A key quarterly economic survey by the Bank of Japan shows sentiment among large manufacturers remained unchanged between November and December, even as worries about global trade tensions persisted.
The tankan survey, released Friday, says sentiment remained flat at 19 for a second time after three quarters of decline.
The survey, long seen as an important indicator of the state of the world’s third-largest economy, looks at the difference between companies surveyed that have a “favorable” outlook and those with an “unfavorable” outlook.
The manufacturers surveyed include automakers and electronics companies that are the mainstay of Japan’s economy.
Some analysts had expected a downturn in sentiment. The survey, however, projected sentiment would drop by four points to 15 over the next three months.
Japan’s growth is dependent on exports, and any slowdown in pan-Pacific trade would hurt sentiment. Uncertainty over trade friction with the U.S. would also discourage investment as manufacturers take a wait-and-see approach on whether their sales or profits might be affected by U.S. President Donald Trump’s trade policies.
Oil refiners and chemical companies were more optimistic, helped by expectations that a fall in crude oil prices would improve their bottom line. Manufacturers of production machinery were more downbeat amid slowing demand for smartphones in Asia.
The index for large manufacturers’ sentiment regarding the coming months fell by 4 points to plus 15, with respondents citing adverse effects from the ongoing U.S.-China tariff war.
Trump and his Chinese counterpart, Xi Jinping, earlier this month agreed to hold off on imposing new tariffs for a 90-day period, during which negotiators from their countries would try to strike a deal.
The world’s largest and second-largest economies have already raised tariffs on hundreds of billions of dollars on each other’s exports, stoking concerns of a slowdown in the global economy.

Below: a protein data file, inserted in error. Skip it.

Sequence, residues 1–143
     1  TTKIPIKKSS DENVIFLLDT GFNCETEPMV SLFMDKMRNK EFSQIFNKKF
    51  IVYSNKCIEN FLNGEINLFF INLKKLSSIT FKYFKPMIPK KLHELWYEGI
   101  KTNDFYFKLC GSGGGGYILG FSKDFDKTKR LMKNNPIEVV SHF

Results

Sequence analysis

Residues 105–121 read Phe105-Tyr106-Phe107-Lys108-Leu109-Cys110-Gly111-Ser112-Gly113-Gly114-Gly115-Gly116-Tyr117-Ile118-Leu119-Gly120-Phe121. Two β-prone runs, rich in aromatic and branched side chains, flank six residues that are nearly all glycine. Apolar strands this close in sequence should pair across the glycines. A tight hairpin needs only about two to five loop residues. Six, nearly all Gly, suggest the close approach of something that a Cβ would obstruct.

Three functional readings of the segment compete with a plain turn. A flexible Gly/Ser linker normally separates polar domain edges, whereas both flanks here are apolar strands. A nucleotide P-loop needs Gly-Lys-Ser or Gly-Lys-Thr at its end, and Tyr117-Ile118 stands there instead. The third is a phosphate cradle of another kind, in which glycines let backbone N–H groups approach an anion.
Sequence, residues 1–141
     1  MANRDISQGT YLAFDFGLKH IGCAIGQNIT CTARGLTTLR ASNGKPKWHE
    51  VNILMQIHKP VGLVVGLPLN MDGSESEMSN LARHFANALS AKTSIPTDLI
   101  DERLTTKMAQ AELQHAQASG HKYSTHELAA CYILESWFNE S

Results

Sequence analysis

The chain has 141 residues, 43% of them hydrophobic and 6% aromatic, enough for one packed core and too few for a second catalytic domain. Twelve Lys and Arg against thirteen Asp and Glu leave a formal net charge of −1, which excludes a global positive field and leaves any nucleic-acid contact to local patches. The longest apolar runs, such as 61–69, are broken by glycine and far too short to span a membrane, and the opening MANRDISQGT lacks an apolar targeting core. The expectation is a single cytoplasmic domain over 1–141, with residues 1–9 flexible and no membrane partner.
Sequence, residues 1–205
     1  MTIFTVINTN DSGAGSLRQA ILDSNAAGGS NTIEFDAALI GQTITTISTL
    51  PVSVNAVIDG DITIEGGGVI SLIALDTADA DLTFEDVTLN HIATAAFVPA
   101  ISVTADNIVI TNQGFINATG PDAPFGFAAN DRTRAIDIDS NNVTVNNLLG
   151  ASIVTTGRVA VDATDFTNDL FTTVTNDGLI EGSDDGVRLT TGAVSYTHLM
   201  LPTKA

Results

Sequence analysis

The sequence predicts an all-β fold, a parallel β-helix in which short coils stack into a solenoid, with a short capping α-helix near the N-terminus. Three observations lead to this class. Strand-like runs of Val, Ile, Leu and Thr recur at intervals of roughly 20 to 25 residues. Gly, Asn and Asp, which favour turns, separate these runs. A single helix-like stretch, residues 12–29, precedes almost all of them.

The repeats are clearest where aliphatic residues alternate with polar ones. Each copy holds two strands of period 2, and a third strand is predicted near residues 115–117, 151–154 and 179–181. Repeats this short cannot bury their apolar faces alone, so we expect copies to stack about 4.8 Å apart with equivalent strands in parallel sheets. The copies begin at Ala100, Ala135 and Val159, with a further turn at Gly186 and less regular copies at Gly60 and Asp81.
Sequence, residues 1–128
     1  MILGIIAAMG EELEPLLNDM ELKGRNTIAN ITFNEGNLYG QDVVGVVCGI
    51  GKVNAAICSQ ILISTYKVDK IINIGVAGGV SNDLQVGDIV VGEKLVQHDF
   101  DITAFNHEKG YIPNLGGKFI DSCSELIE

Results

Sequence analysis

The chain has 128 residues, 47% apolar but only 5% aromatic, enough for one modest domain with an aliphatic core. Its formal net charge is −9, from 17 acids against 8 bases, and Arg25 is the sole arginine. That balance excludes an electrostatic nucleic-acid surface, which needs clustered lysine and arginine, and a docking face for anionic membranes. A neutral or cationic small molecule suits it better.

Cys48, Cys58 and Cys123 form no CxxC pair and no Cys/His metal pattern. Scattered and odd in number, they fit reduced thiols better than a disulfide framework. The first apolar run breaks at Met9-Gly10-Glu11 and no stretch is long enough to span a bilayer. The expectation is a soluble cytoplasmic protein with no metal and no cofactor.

“Sentiment among business leaders appears to have already peaked, though it still remains quite strong” said Takeshi Minami, chief economist at the Norinchukin Research Institute. “That said, growth in exports and production has slowed and on that front there’s no denying that the domestic manufacturing sector has stagnated. The economy appears to be moving step by step toward a ceiling.”
Sentiment among large nonmanufacturers improved for the first time in two quarters, with the index rising two points to plus 24, as retailers, restaurants and hotels saw a rebound from the gloom of three months earlier, when Japan was hit by the strongest typhoon in 25 years and a powerful earthquake caused a massive blackout in Hokkaido.
The index for large nonmanufacturers’ sentiment regarding the coming months was down 4 points to plus 20, with many respondents blaming a severe labor shortage and rising personnel costs.
Large companies — classified as those with capital stock of more than ¥1 billion — in both manufacturing and nonmanufacturing said they plan to increase capital spending by 14.3 percent during fiscal 2018 compared with the previous business year, the fastest pace since 1990 and a 0.8 percentage point upgrade from September.
The BOJ surveyed 9,860 companies between Nov. 13 and Dec. 13, of which 99.6 percent responded.